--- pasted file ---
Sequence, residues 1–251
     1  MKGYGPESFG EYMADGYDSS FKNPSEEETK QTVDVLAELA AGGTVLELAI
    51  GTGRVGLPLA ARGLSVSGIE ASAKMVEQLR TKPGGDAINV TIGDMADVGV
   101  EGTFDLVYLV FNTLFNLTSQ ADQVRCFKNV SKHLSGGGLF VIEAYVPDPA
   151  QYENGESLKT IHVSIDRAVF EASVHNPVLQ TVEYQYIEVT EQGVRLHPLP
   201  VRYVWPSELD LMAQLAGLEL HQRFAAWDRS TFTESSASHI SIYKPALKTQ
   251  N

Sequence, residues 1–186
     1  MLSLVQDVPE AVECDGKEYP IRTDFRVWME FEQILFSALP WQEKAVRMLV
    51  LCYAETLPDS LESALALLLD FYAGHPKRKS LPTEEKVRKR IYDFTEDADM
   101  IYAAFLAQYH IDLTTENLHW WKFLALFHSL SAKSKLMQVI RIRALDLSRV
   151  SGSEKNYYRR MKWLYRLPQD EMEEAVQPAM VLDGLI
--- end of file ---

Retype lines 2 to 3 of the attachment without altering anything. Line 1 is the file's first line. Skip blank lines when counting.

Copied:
     1  MKGYGPESFG EYMADGYDSS FKNPSEEETK QTVDVLAELA AGGTVLELAI
    51  GTGRVGLPLA ARGLSVSGIE ASAKMVEQLR TKPGGDAINV TIGDMADVGV